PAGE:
Only the dark asha could draw the Dark, runes that controlled and destroy daeva. They were the demons who crumpled to dust when their bezoar was removed from their body. Bezoar was the mark of every daeva; basically their life source. Dark asha could summon them with the help of bezoar by using of runes of the Dark. One had to careful when it came to Dark.

There was one chapter where Tea used the runes to fight a huge daeva. The anticipationgor those scenes fell flat tjust draw the the runes that came to her mind and woosh! Everything would’ve gone back to normal. It all felt rushed and fast, despite the slow pace of the book, which left me terribly confused still the end.

Darashi Oyun

Darashi Ouyn was my favorite part of the book. It was the most popular dance in Ankyo. There was one performance that took my breath away. It was a story about how daeva, dark asha, the False Prince, and many other myths that was vital to asha’s history told in a dance. This was the most animated chapter of the book. The only other exciting thing in the book besides this was Tea’s visit to the oracle.

What in the daeva’s teeth was that?

I should’ve mentioned it earlier but totally forgot. This book is written in a back-and-forth narrative, where 17 year old Tea tells her story to Bard. Bard was from Drychta.

The flashback took us to the time when she resurrected her brother till her last battle with the daeva.

For some reason, she was exiled to somewhere far. Her story was told from his POV when he visits her there and the past was from her POV. I loved the switch between the present before the start of each chapter because it served as a prelude to what to expect next. It also showed how she was now different than the past.

There was one twist in the last chapter, which was unexpected. After the end, I was left with more questions than answers, which is why I want to read the next book. We don’t know why she was exiled or why she could control daeva.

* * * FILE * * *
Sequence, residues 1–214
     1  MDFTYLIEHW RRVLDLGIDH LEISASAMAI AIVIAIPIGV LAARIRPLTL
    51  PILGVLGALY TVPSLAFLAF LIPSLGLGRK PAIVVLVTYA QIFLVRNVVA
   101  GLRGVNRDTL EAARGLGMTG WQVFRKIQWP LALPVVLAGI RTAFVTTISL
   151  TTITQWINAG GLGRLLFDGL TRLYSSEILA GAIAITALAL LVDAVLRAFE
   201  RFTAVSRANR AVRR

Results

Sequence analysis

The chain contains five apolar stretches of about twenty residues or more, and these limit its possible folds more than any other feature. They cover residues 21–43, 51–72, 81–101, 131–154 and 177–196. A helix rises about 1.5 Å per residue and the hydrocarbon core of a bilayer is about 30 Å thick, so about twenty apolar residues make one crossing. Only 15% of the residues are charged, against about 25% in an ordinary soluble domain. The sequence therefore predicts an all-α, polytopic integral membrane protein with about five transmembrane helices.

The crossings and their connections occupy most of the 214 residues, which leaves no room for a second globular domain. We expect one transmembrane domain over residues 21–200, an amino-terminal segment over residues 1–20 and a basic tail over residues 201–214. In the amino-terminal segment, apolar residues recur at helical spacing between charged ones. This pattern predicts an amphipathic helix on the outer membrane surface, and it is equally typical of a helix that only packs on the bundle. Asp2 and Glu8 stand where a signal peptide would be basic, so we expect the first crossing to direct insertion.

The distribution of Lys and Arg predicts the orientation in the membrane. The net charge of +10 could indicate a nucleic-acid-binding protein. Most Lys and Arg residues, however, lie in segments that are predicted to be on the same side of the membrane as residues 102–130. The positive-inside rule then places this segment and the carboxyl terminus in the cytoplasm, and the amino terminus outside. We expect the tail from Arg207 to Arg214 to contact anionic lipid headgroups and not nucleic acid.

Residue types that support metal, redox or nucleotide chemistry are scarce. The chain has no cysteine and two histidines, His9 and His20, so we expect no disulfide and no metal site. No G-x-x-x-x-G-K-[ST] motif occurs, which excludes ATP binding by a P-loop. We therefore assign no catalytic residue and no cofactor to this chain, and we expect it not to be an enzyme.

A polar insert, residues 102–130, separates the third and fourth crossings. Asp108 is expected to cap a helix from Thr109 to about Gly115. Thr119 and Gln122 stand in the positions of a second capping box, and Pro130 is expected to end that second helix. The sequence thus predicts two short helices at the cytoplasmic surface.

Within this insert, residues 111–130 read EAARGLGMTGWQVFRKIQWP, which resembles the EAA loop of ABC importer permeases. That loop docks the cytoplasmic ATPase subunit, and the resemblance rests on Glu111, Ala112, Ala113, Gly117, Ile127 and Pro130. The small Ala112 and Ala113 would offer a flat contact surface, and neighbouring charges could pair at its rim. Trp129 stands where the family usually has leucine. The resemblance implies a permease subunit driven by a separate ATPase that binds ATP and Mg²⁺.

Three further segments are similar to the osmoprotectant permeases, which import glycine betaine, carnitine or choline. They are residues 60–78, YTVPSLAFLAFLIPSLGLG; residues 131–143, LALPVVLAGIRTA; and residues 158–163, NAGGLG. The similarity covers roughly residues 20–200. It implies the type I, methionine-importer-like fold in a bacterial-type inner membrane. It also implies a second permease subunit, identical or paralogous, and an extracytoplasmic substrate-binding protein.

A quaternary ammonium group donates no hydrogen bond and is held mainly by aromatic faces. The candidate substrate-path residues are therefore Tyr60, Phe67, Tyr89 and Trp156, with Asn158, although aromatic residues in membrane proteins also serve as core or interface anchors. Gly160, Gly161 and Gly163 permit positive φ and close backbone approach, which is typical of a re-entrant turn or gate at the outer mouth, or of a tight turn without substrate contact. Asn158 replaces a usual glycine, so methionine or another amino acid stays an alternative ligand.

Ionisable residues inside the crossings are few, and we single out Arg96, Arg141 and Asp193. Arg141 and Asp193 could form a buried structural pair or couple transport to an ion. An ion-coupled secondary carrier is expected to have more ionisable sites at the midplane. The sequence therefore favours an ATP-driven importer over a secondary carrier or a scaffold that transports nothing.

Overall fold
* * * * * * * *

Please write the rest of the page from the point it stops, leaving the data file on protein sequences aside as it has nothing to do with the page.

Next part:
Despite the slow pace, no, excruciatingly slow pace, I liked this book. It laid a solid ground for the premise. A terrific introduction to asha and this world. But I was left with more doubts than I could’ve asked for. I liked the magic system in the book. It was a new approach to what I was already used to. I still don’t get why most part of the novel was about dancing, singing and attending parties. It was how Asha worked, but it made reading about them a tedious task.

In the end, The Bone Witch is an impressive start for a new series that’s magical, dark, and unpredictable.

Every fight is unique. There is no blueprint for opponents, and you must learn to decide quickly in the course of a battle or you will be dead.

Rating: 3.5 out of 5.
TW // Self cutting imagery, Death, Blood, Gore
About the Author

Rin Chupeco wrote obscure manuals for
complicated computer programs, talked
people out of their money at event shows, and
did many other terrible things. They now write
about ghosts and fairy tales but is still
sometimes mistaken as a revenant. They were
born and raised in the Philippines and, or so
the legend goes, still haunts that place to this
very day. Their pronouns are she/they.

Have you read this novel or is it on your TBR? Let me know your thoughts in the comments.

“I have a deeply hidden and inarticulate desire for something beyond the daily life.”

— Virginia Woolf

Paperbacktomes Gratitude Pic 2021


  1. Amazing review! I’m going to order one soon. Also, could you please suggest on how one can receive ARC, I’m interested in the same, would love to get your guidance 🙂

    Liked by 1 person

    • Thanks! For ARCs, you can create a NetGalley or Edelweiss+ accounts and request for ARCs there. If your requests are getting declined, then you make use of Read Now option and read books from your preferred genre. Netgalley will give you access to titles easier than Edelweiss though. There are other sites that handout ARCs as well, you can check them on google. I hope this was helpful.